Talking with babies and children from birth is important because it builds your child’s language and communication skills. These are important skills for life. Talking with your child doesn’t have to be a big deal – just chatting about everyday things is a great start.
Talking with babies and toddlers: why more talk is better
Talking with your baby or toddler can help his language and communication development. The more you talk with your baby or toddler, the better.
This is because parents who talk a lot to their young children use lots of different sounds and words. When children hear more words, it helps to improve their understanding of language, and increases the number and variety of words that they can understand and use.
And it’s not just about better language skills. Talking with babies helps their brains develop and can help children do better at school when they’re older.
What kind of talking?
Talking with babies and toddlers doesn’t have to be a big deal. You can start by talking about everyday things in your home and family life – just whatever you’re doing with your baby at the time.
For example, you’re outside with your baby and he points to a tree. You could say, ‘It’s a great big enormous tree, isn’t it? I wonder what kind of animals live in that tree? Maybe a squirrel?’
How much talking?
Any and all talking is good for your baby, so try to talk as much as you can during the day.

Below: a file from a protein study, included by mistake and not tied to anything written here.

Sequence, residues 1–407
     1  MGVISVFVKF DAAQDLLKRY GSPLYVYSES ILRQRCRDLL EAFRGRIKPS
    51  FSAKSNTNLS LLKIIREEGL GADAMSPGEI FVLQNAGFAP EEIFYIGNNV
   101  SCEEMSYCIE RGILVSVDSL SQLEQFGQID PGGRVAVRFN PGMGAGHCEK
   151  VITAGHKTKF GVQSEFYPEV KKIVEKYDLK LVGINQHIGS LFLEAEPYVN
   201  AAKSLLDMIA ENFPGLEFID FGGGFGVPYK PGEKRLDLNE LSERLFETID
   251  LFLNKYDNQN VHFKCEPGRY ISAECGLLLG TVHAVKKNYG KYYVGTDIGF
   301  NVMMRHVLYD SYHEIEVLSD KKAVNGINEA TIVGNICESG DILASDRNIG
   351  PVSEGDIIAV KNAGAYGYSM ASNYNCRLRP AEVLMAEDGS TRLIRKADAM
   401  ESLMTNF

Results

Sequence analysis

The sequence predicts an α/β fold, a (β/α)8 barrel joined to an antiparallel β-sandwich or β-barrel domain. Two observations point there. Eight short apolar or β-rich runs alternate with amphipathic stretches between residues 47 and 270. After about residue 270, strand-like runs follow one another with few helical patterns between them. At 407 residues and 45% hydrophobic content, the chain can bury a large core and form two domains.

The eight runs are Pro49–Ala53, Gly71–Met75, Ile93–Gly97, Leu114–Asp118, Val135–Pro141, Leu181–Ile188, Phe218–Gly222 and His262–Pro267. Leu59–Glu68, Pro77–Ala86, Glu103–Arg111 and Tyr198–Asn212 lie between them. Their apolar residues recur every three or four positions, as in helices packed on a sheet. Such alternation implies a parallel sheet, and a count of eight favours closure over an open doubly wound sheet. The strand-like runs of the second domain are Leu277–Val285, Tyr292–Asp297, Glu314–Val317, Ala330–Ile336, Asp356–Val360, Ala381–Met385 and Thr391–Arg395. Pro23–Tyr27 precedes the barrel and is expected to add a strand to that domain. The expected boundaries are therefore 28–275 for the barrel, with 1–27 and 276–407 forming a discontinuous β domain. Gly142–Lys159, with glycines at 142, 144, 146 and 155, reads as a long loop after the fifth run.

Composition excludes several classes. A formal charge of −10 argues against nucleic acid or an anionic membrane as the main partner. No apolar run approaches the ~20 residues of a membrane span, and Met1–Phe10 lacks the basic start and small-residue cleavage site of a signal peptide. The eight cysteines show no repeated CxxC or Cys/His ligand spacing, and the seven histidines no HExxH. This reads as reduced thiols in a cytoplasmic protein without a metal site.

Babies like quiet times too, so if your baby stops responding to you and starts to look tired, restless or grumpy, you might like to choose another time in the day to talk. Your baby’s personality might also affect how often she wants to communicate with you. Some babies are naturally more outgoing, and others are quieter.
When to start talking?
It’s great to start talking with your baby as early as you can. In fact, from birth your baby absorbs a huge amount of information about words and talking, just from listening and watching you talk.
Conversations with your baby might feel one-sided to begin with. But even though your young baby doesn’t have words yet, she’ll still try to join the conversation! She communicates with you through crying, eye contact and listening. Later on, she’ll coo, smile, laugh, make more sounds and move her body to communicate with you.
If you give your child your full attention when you’re talking, you’ll notice these attempts to respond to you.
By communicating back and forth with your child in a warm and gentle way, you’re creating and sharing experiences together, which strengthens relationships and helps children learn more about the world at the same time.
Tips for talking with babies and toddlers
Any time you’re with your child is a good opportunity to talk. This could be when you’re changing diapers, having lunch together, travelling in the car or train, pushing the pram or just pottering around the house – you don’t need to make a special time for talking.
You might feel silly at first trying to have a full conversation with a baby, but keep at it! Conversations and activities that include some of the points below are good for developing your child’s language skills.
Tune into your child
Read, tell stories, sing songs and make rhymes
Your child will also learn to talk by watching how you communicate with others. If you talk in a positive way, your child will learn to speak positively to others. For example, when you’re talking together at mealtimes, you can use positive language like ‘What was good about your day today?’
Video: Connecting and communicating (0-6 months)
Watch this video and learn the importance of communicating with your baby, and how it helps her learn and develop.
Video: Connecting and communicating (7-17 months)
Cradle cap is the oily, scaly crust that babies sometimes get on their scalps, in their body folds and on their torsos. Although cradle cap looks uncomfortable, it doesn’t usually bother your baby.